Before the pandemic, going to a doctor for anything required planning and multitasking. It usually meant taking some time away from work, from home, or just making some time in your day to plan and see the doctor. But during the pandemic, going to a doctor in person became an almost impossible task. Hospitals became high-risk spaces that were catering to the most seriously affected by the pandemic. Such a situation strongly warranted the question – what is the alternative to the traditional medical consultation route? It’s certainly not physically seeing a doctor. The answer came to everyone in the form of something that already existed but was never the first option. The option was virtual consultation or telehealth.
“Telehealth is the distribution of health-related services and information via electronic information and telecommunication technologies. It allows long-distance patient and clinician contact, care, advice, reminders, education, intervention, monitoring, and remote admissions.”
Early in the COVID-19 pandemic, telehealth usage surged immensely as consumers and providers sought ways to safely access and deliver healthcare since they couldn’t make it to the doctor in person. In April 2020, overall telehealth utilization for office visits and outpatient care was 78 times higher than in February 2020.
This drastic change, no doubt, was borne out of necessity. It was, however, fueled by these factors:
During the tragedy of the pandemic, telehealth offered a bridge to patient care and now offers a chance to reinvent virtual and hybrid virtual/in-person care models, with a goal of improved healthcare access, outcomes, and affordability.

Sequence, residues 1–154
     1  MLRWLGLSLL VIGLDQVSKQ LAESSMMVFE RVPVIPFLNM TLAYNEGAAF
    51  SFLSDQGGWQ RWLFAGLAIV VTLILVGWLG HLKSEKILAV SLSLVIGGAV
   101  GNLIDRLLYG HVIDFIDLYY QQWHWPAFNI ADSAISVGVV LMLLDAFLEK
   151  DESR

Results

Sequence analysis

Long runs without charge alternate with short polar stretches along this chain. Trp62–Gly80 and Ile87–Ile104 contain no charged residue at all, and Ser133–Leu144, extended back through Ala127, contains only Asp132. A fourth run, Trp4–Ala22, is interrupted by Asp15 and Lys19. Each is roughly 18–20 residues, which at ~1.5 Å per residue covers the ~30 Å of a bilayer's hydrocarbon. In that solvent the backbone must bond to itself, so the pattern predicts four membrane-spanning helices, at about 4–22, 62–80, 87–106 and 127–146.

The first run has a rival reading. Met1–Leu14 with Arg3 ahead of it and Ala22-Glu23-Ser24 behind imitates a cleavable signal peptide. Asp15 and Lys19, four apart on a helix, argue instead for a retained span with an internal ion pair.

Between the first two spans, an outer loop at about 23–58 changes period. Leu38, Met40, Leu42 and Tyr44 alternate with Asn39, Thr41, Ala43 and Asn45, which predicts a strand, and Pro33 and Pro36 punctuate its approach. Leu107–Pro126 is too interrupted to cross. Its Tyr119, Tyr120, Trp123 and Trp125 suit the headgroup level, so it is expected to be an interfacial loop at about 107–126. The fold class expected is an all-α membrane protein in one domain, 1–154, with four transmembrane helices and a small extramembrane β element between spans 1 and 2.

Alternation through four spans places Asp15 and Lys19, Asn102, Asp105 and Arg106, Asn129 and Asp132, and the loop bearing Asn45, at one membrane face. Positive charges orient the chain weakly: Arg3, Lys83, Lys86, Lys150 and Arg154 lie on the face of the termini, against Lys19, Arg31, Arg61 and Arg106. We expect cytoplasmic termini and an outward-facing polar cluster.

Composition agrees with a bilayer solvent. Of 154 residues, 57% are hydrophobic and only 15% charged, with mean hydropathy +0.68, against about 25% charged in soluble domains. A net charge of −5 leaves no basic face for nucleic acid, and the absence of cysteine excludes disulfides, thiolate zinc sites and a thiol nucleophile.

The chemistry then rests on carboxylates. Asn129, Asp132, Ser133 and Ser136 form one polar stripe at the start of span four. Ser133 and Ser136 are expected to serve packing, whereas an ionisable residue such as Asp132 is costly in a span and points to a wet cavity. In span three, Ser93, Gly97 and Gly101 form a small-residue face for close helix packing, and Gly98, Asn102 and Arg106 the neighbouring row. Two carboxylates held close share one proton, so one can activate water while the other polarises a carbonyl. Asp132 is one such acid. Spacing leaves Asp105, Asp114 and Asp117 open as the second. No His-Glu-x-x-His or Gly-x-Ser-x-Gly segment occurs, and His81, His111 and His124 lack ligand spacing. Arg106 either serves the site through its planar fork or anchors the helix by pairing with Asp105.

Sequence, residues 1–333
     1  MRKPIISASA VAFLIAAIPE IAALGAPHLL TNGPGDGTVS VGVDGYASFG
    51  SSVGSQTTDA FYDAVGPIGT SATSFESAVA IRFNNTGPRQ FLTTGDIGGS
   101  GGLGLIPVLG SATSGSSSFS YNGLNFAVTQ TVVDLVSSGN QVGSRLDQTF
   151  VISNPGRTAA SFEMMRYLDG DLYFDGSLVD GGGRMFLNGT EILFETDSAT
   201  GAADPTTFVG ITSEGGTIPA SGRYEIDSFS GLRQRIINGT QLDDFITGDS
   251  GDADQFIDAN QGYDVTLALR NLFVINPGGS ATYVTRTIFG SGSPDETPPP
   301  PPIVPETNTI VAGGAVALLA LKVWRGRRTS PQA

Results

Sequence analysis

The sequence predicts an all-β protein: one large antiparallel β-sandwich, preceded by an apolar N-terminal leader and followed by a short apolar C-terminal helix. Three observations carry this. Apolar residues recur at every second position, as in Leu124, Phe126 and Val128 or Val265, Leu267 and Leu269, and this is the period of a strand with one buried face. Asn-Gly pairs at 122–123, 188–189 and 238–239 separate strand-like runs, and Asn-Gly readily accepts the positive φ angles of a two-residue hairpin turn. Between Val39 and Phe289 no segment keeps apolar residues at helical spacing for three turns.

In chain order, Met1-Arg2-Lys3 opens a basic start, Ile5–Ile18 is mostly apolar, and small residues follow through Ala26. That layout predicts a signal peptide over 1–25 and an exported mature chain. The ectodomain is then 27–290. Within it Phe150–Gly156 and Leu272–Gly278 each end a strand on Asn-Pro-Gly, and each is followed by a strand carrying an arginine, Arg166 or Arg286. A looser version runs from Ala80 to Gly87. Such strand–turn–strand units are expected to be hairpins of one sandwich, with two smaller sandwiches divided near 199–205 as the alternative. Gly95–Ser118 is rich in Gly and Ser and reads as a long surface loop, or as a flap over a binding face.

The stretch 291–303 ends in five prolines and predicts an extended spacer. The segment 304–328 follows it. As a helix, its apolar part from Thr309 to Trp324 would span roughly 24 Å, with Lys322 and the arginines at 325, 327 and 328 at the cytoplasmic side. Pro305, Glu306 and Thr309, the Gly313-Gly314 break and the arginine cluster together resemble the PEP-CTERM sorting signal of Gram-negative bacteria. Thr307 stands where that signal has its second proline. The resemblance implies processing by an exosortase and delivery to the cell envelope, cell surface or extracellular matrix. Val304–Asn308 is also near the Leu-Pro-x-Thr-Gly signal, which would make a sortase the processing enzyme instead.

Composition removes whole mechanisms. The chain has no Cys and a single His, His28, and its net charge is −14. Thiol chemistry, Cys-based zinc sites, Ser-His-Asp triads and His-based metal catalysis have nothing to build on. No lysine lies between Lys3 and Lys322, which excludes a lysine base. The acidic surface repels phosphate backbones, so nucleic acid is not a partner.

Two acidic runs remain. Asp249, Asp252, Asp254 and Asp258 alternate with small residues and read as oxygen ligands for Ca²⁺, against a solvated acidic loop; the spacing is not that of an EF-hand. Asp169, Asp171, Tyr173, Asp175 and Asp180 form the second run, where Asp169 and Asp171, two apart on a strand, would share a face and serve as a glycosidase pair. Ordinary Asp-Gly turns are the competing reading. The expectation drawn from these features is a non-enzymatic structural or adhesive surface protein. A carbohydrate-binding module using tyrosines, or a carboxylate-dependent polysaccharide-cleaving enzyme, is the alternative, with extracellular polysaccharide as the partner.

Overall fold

The uptake of telehealth doesn’t mean telemedicine completely replaced in-person care: The increase in telemedicine only offset about 40% of the decline in in-office visits. Doctors see telehealth as beneficial for patients, who save on time and travel, as well as for physicians, who can reach a geographically wider population.
The question we need to address is how can telehealth services be improved if they’re here to stay?
So let us look at a few fundamental things that can be implemented to help telemedicine be effective in the long term as a viable option, and not just an alternative to traditional in-person doctor relationships.
Real-time communication makes use of any communication technologies to contact the patient. Video conferences, live chats, voice messages, and emails are the primary examples.
Store and forward entails collecting direct patient data and forwarding it to the relevant specialist. This data can be a recording of an appointment or a test result. It is then placed in a single file to be stored in a database of an Electronic Health Record (EHR) system.
Remote patient monitoring or RPM is a practice within telemedicine aimed at monitoring the vital statistics of the patients remotely. Telemonitoring relies on different electronic devices that stream patients’ statistics right to a healthcare provider’s analytical interfaces like Ultrasound imaging or Tele-stethoscopes. This way, healthcare providers can analyze the state of a patient, receive precise data about symptomatology, store the test results, and use them in the future.
People often use mobile health applications to access telemedicine support. Generally, mobile applications connect an electronic clinical device with software. But they can also act as a standalone tool.
The ease of distributing mobile applications on the AppStore and Play Market makes mHealth a fast-growing technology. Using mobile apps for various tasks, a hospital can optimize the use of its space, speed up communication, share more data, and conduct some clinical procedures remotely.
Many healthcare systems around the world together with government agencies and startup companies are building and delivering Telehealth solutions — the future of non-emergency and routine healthcare delivery.
Doctors are happy with telehealth, while patients are now expecting it since it is a great avenue for care.